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Microbiologists Argue Threat to Future

ATLANTA—Are academic microbiology departments suffering from the increased attention being paid to molecular biology and related disciplines? Scientists at the recent annual meeting of the American Society for Microbiology here could not agree if the issue was simply a semantic argument or a symptom of a genuine crisis. "A number of forces are converging to create a problem … and together they may deal us a blow that could be lethal" to the future of microbiology, suggested M. Michae

Theresa Waldron
ATLANTA—Are academic microbiology departments suffering from the increased attention being paid to molecular biology and related disciplines? Scientists at the recent annual meeting of the American Society for Microbiology here could not agree if the issue was simply a semantic argument or a symptom of a genuine crisis.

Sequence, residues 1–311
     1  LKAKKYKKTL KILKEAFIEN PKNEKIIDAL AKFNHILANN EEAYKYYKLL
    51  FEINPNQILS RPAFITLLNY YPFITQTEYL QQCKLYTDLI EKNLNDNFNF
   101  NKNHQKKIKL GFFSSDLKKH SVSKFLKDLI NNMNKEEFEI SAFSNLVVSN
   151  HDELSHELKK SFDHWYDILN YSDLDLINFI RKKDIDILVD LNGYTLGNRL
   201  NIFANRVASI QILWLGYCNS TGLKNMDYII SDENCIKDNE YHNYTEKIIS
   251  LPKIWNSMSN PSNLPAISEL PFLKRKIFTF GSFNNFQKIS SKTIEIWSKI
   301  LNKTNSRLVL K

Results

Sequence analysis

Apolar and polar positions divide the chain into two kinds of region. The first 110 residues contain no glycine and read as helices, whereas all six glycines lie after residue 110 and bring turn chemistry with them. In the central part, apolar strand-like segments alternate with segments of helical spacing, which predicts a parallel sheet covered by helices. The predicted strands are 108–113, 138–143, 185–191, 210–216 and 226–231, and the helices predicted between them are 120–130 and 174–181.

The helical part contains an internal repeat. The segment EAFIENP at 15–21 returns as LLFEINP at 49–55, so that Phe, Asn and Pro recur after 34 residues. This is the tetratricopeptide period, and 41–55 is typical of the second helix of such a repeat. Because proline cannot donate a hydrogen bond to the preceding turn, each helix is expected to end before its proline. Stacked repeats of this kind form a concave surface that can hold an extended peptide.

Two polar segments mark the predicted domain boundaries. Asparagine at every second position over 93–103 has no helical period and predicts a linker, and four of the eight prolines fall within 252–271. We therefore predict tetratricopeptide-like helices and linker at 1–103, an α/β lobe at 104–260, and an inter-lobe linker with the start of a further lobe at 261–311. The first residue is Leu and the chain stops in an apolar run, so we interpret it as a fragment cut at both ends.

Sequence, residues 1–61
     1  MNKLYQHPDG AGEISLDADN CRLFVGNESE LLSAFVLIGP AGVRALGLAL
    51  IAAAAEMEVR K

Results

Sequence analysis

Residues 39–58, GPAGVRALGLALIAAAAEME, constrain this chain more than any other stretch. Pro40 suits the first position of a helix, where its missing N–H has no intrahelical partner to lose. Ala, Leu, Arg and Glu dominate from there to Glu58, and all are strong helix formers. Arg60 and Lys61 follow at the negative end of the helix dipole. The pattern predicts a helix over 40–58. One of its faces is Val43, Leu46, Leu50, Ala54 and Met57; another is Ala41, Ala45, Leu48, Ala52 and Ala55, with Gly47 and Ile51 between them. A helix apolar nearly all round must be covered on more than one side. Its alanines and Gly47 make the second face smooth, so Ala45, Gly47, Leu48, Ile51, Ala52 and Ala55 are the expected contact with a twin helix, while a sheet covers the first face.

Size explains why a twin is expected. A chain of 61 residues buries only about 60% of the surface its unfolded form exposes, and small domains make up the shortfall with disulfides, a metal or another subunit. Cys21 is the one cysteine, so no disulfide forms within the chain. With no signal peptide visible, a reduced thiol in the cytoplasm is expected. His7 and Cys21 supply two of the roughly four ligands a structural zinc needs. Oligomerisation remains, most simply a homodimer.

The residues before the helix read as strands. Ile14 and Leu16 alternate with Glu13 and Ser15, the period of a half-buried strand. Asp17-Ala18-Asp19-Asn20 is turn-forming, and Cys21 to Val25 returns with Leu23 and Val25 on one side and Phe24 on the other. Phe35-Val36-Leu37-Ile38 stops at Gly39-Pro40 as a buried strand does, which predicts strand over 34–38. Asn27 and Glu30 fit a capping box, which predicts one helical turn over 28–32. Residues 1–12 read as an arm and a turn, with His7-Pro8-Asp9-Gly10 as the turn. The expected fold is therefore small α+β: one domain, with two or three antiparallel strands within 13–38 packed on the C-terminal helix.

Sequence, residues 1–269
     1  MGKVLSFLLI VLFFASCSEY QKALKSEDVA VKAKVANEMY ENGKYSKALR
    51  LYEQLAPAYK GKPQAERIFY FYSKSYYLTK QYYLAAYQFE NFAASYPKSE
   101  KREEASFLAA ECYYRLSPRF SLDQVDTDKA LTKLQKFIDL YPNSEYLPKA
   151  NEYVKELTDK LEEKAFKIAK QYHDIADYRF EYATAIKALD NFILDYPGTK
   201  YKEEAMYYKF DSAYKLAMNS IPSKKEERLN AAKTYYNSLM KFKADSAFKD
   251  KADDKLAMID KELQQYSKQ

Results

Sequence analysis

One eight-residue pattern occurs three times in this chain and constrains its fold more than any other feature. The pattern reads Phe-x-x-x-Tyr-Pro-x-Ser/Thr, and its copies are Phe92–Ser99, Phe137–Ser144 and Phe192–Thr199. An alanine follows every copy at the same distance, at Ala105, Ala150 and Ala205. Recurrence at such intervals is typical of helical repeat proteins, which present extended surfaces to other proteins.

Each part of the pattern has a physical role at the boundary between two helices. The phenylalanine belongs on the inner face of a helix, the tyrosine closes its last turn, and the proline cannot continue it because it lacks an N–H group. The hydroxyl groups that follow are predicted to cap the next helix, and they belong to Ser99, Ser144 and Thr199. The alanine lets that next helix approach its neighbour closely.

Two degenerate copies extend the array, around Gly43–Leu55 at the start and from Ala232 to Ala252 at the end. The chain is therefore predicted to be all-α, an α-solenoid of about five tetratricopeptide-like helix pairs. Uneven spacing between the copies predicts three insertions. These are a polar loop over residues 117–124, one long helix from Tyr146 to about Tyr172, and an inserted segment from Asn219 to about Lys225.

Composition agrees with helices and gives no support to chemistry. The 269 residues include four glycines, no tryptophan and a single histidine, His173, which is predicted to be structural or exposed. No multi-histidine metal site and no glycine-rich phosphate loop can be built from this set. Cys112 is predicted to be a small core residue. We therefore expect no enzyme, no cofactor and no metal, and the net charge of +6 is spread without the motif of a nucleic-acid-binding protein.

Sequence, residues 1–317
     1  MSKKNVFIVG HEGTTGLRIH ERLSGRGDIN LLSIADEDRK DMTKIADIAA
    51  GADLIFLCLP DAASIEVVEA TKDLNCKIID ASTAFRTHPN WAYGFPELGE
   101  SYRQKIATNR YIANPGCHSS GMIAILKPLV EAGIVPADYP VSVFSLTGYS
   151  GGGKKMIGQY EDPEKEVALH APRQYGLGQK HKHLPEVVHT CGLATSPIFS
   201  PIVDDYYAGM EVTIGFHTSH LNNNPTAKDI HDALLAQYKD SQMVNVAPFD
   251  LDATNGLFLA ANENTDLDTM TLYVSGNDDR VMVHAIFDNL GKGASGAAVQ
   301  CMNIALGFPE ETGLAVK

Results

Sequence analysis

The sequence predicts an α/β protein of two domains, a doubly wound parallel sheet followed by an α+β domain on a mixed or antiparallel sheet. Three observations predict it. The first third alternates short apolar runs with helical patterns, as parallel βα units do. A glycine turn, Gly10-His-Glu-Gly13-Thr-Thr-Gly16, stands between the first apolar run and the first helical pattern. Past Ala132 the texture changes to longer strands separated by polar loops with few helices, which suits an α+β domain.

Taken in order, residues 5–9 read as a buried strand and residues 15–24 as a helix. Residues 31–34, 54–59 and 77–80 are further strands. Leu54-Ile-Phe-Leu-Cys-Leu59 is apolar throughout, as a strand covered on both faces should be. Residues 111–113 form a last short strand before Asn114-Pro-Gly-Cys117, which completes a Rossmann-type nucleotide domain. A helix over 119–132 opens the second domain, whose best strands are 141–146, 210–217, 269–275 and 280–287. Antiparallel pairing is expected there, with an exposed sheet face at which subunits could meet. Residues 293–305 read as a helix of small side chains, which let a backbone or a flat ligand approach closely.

"A number of forces are converging to create a problem … and together they may deal us a blow that could be lethal" to the future of microbiology, suggested M. Michael Sigel, chairman of the department of microbiology and immunology at the University of South Carolina. Sigel lamented the lack of "momentum, interest, commitment, people and funding" in microbiology departments at medical schools and universities nationwide, and said departments were "losing their identities" to other fields in biology.

But Richard A. Finkeistein, chairman of the microbiology department at the University of Missouri School of Medicine, claimed that the evidence for such a...

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